Miracle Worker

19 November 2001

Yesterday was a really good title day for me. Unfortunately, only two of them came with stories, so I'll just save the rest and let them percolate. "The Handmade's Tale" did that for years before the penny finally dropped. Anyway, I'm going to write one of them as a short-short today and possibly get it sent out -- I mean, GVG went to the trouble of hiring an assistant, right? We wouldn't want him to be wasting his money. And those other editors, they don't look busy. Probably sitting around eating movie magazines and reading bon-bons.

The other title that came with a story is kind of spooking me. I don't know how long it's going to be, is the problem. It could be a short story. It could be a novelette. (I discovered at the last writers' group meeting that I had, in fact, sold a novelette, without ever knowing how long they were. "Irena's Roses" is now 9400 words. I assumed the bottom cutoff was 10000, when in fact it's 7500. So. Go me.) It could be a novella, or a YA SF novel, or a grown-ups' SF novel. I just don't know. I know the characters, and I know the general plot. I just don't know how many times the plot is going to twist, nor how many subplots will rear their ugly heads. My plan just now is to start writing it and then figure out how long it is, well, when it's done, I guess. But to work on it like it's a short piece for as long as I can.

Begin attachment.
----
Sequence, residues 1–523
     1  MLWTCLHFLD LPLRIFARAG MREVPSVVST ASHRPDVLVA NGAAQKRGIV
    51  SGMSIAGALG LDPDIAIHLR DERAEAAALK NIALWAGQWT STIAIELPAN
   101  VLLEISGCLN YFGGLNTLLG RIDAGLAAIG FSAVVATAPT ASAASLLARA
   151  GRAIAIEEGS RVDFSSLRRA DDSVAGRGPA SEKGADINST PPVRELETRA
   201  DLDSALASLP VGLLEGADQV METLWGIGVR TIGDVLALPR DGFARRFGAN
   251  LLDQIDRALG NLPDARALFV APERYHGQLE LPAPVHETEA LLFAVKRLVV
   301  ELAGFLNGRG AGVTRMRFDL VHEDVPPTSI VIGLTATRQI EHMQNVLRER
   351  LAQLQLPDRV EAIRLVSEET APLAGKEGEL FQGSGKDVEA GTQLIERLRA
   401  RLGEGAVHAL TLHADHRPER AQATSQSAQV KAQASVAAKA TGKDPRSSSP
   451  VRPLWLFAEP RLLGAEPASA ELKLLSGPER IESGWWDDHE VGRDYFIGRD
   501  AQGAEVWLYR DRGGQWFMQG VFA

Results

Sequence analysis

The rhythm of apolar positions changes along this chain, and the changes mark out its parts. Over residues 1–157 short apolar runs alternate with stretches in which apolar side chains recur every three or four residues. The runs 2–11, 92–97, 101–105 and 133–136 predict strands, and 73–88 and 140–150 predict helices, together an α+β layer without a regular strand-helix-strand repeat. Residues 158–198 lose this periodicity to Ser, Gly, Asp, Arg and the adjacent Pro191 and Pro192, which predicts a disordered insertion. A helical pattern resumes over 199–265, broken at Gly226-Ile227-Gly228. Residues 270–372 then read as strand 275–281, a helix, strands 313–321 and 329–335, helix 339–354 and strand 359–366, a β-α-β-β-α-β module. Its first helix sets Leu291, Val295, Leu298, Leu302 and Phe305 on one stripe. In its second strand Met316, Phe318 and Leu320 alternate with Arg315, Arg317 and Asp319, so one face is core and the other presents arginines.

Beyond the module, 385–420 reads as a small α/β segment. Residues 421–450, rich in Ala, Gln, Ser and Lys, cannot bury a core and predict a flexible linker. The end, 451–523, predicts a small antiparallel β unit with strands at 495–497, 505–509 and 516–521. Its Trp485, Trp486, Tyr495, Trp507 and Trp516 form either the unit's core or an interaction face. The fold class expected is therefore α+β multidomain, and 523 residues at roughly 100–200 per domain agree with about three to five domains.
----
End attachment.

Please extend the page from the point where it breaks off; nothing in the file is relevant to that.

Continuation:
Ah well; I've wanted a YA SF novel, and I've wanted to do longer short stuff, so those would be good options. And if it's a short story, it'll have lots of markets. Also a good option. So, really, the only problem is if I've got another grown-up novel on my hands. Which, for those of you who are just tuning in, I definitively do not need. Actually, I don't need another YA novel, either, but I've wanted one that's SF, so I'd be willing to look the other way. And, really, how bad can it be if you discover 10 or 20K in that you have another novel? (Hmm. Well, I suppose Tim has an answer to that. But he doesn't seem to be suffering too greatly.)

So. Our foodishness is reaching an all-time high, I think. Timprov made his Cuban black-bean soup last night (to which he promises a recipe link), and in the process made veggie stock, which was much, much better than veggie bouillion. So we now have veggie stock in the freezer (taking up freezer space, ack!), mock turtle soup in the fridge, and cooked-down former black-bean soup that's now thick enough to be enchilada filling. We have the stuff for calzones, gumbo, lasagna, a traditional Lingen Steak Dinner, and much, much more.

Thanksgiving snuck up on Timprov. I was fretting about how many people will be here (still unknown) when we were getting ready to go shopping, and he said, "Relax! You've got a week and a half to do this." I said, "Um, nooo...." This explains questions like, "Are those brownies going to be okay when Sarah gets here?" and "What do you need to know if they're coming now for? You only asked them day before yesterday."